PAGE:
State Senator Ron Calderon Faces 24 Counts For Fraud, Taking Bribes
UPDATED: He is accused of taking $100,000 in bribes including $88,000 to influence legislation to extend movie and TV tax credits from an FBI undercover agent.
California state Sen. Ronald S. Calderon (D-Montebello) has been indicted on public corruption charges that include allegations he took over $100,000 in bribes, the U.S. attorney in Los Angeles announced Friday at a press conference.
U.S. Attorney Andre Briotte Jr. alleged that Calderon took bribes from an undercover agent whom he thought represented a Hollywood studio as well as a Long Beach hospital official. The feds say he took cash, trips and dinners.
Calderon is being indicted on 24 counts including fraud, wire fraud, bribery, conspiracy to commit money laundering and aiding in the filing of false tax returns.
“Public corruption is a betrayal of the public trust that threatens the integrity of our democratic institutions,” said Birotte.
Calderon has retained criminal defense attorney Mark Gerragos to represent him in the case.
He was caught in a FBI undercover sting operation that came to light last November, having reportedly accepted $88,000 in bribes from the FBI agent and another businessman to influence legislation to extend film industry tax credits and to change some aspects of the worker's compensation laws.
The film tax credit applies to productions of at least $1 million. Calderon agreed to support a new law lowering that to $750,000 in exchange for his daughter being paid $3,000 a month for a job she would not actually perform, according to the indictment.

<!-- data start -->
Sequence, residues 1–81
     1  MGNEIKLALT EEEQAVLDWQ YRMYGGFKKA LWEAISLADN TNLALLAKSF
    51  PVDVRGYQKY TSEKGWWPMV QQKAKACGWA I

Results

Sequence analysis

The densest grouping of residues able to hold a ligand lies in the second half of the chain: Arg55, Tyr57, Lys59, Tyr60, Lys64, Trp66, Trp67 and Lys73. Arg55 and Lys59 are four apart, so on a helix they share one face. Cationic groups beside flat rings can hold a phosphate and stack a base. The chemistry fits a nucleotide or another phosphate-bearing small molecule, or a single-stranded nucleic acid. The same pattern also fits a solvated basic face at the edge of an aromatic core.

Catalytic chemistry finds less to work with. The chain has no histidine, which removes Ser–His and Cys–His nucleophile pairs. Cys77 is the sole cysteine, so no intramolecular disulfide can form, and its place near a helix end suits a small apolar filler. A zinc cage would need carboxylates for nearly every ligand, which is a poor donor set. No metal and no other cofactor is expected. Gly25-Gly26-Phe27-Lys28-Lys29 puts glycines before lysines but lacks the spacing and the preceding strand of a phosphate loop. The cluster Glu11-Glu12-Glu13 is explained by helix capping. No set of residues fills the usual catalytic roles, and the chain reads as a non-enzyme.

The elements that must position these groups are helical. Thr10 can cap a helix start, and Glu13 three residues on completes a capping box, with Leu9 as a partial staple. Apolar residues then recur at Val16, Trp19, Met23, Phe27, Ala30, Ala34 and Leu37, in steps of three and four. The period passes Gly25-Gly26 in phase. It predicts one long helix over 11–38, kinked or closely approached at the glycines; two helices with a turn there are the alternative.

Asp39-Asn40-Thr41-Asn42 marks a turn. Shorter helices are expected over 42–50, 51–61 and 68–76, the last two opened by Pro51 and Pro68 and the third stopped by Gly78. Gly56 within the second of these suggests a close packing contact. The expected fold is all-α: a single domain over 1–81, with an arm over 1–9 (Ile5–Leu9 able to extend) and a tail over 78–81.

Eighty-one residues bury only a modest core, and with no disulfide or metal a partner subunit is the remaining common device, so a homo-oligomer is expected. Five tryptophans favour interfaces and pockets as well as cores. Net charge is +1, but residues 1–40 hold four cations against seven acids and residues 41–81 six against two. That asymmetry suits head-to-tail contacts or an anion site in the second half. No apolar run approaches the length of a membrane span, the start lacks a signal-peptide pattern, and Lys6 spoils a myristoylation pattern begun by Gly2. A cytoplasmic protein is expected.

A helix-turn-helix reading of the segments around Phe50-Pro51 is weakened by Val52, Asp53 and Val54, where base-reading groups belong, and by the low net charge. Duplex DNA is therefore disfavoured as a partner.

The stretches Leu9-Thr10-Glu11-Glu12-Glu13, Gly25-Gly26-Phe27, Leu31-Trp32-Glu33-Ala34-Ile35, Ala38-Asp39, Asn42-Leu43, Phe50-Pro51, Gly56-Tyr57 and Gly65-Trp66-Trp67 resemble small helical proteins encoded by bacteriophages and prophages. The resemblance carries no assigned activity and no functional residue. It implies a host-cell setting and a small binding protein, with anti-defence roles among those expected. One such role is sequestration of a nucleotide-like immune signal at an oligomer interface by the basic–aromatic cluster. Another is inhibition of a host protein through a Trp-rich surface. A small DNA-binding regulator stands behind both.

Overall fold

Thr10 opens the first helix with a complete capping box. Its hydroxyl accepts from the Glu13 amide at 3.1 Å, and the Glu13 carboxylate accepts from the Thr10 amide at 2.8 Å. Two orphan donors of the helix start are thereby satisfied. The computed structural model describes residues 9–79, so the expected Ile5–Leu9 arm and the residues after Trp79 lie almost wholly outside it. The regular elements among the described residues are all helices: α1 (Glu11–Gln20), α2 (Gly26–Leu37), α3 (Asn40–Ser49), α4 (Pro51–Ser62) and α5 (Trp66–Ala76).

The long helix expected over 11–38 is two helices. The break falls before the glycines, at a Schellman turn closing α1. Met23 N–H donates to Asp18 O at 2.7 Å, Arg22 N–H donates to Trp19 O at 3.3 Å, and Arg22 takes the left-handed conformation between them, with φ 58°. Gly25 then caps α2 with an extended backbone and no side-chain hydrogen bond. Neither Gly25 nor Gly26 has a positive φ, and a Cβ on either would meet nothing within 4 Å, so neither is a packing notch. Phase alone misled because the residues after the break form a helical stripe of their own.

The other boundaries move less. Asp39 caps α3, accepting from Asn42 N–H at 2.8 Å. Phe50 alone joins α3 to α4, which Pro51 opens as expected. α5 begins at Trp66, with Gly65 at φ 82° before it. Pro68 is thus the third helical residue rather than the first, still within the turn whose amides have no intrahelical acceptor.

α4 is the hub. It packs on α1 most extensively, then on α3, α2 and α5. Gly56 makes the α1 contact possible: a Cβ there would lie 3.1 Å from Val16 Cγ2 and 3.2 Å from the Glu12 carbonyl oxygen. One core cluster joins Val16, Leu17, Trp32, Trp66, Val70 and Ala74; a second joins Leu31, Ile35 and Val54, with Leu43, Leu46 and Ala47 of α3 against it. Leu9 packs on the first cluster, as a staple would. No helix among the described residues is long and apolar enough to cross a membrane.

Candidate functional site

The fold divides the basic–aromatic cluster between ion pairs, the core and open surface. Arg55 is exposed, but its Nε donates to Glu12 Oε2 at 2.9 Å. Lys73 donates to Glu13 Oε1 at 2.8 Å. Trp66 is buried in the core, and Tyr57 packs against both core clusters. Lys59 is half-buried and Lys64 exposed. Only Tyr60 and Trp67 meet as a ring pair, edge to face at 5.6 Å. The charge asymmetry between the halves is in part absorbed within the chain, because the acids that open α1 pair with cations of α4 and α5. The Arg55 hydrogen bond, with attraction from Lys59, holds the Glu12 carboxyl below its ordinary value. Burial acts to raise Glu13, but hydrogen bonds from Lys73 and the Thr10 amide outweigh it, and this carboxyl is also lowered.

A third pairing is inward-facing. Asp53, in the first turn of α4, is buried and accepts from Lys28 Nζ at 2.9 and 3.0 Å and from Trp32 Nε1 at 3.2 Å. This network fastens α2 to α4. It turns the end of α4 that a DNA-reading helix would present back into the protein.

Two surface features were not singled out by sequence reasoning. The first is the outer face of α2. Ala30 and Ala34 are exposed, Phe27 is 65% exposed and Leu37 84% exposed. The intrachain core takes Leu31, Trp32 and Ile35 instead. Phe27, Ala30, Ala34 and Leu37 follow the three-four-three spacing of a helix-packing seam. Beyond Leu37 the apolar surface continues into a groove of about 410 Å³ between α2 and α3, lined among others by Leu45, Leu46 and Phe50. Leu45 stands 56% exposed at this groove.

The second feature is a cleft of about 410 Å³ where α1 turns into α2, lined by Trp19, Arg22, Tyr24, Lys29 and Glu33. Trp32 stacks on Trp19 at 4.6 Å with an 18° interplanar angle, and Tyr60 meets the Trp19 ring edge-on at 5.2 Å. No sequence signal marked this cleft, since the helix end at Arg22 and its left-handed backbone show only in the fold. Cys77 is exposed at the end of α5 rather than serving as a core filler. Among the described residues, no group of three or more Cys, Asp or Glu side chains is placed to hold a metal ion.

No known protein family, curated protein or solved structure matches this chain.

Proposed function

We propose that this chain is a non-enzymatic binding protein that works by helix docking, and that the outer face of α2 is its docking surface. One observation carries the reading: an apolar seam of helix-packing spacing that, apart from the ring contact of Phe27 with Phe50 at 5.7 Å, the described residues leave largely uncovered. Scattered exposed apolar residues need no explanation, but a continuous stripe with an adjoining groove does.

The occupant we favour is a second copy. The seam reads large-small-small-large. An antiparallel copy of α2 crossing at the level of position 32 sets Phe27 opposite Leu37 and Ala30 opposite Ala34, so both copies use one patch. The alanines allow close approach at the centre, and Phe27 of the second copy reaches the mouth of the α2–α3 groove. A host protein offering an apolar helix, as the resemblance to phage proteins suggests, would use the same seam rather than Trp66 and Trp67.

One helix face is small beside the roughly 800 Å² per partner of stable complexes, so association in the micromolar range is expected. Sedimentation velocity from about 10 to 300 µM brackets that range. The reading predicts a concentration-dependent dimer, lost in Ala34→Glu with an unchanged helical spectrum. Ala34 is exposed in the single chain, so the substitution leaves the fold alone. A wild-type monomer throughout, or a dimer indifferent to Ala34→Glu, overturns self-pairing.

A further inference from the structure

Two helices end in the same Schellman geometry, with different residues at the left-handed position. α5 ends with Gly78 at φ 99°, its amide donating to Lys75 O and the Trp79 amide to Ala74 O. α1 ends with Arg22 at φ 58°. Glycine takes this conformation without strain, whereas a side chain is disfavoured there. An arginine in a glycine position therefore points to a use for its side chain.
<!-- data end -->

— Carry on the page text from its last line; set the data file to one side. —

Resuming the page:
The feds charge that Calderson supported a lowering of the film budget requirement by signing a letter to other state senators and introducing legislation to create a separate tax credit.
Aside from the $40,000 to be paid to his daughter, Calderon allegedly solicited $5,000 from the FBI undercover agents for his son's college tuitiion and $25,000 for Californians for Diversity, a non-profit operated by Tom Calderon.
“Ronald and Thomas Calderon were granted the privilege of political office to better the lives of the citizens they represented, but instead Ronald Calderon used his office to commit bribery, tax and other crimes for their own selfish benefit,” said Joel Garland of the IRS Criminal Investigation’s L.A. Field Office. “Today’s actions reaffirm our commitment to this joint agency task force and our pursuit of justice. Public officials hold a position of trust and those who commit bribery, tax fraud and other crimes, take note.”
He was also alleged to have accepted about $30,000 from Ronald Drobot, CEO of the Long Beach Hospital. He did so by hiring Calderon's son as a file clerk over three summers. According to the indictment, the college age son never worked more than about 15 days each summer.
Dobot has pleaded guilty to paying illegal kickbacks and conspiracy.
When the investigation was first revealed by Al Jazeera television last fall, Calderon denied the charges. Despite that, Senate President Pro Tem Darrell Steinberg moved quickly to remove Calderon from ten committees on which he served. That way Calderon no longer was in a position to have a say on any pending legislation.
Among the committees Calderon headed was the select committee on film and television, as well as committees on international business, trade and economic development.
The Senate Rules Committee voted to disband the select committee on film and television, which Calderon headed, before it did anything.
Calderon was also removed from the California Film Commission.
Steinberg reportedly also asked the Senate Ethics Committee to investigate the political corruption charges against Calderon.
The California Latino Caucus also removed Calderon from its executive board.
Ronald, Charles and Thomas Calderon have been part of that caucus for two decades. Assemblyman Ian Calderon (D-Whittier), who is Ronald Calderon's nephew, is also part of the caucus.